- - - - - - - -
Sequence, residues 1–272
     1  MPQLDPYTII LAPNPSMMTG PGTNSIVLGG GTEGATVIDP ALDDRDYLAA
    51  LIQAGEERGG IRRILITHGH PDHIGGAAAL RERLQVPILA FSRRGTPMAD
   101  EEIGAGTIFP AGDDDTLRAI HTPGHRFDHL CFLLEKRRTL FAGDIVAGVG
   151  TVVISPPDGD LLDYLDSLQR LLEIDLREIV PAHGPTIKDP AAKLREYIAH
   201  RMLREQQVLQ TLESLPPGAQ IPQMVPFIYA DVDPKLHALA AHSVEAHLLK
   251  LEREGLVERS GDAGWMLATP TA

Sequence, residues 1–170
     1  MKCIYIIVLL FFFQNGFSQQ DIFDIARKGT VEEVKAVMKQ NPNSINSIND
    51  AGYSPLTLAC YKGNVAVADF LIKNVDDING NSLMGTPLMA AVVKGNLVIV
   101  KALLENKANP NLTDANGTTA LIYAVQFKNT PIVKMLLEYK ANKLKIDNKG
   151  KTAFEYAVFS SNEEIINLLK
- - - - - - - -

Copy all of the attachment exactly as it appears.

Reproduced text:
Sequence, residues 1–272
     1  MPQLDPYTII LAPNPSMMTG PGTNSIVLGG GTEGATVIDP ALDDRDYLAA
    51  LIQAGEERGG IRRILITHGH PDHIGGAAAL RERLQVPILA FSRRGTPMAD
   101  EEIGAGTIFP AGDDDTLRAI HTPGHRFDHL CFLLEKRRTL FAGDIVAGVG
   151  TVVISPPDGD LLDYLDSLQR LLEIDLREIV PAHGPTIKDP AAKLREYIAH
   201  RMLREQQVLQ TLESLPPGAQ IPQMVPFIYA DVDPKLHALA AHSVEAHLLK
   251  LEREGLVERS GDAGWMLATP TA

Sequence, residues 1–170
     1  MKCIYIIVLL FFFQNGFSQQ DIFDIARKGT VEEVKAVMKQ NPNSINSIND
    51  AGYSPLTLAC YKGNVAVADF LIKNVDDING NSLMGTPLMA AVVKGNLVIV
   101  KALLENKANP NLTDANGTTA LIYAVQFKNT PIVKMLLEYK ANKLKIDNKG
   151  KTAFEYAVFS SNEEIINLLK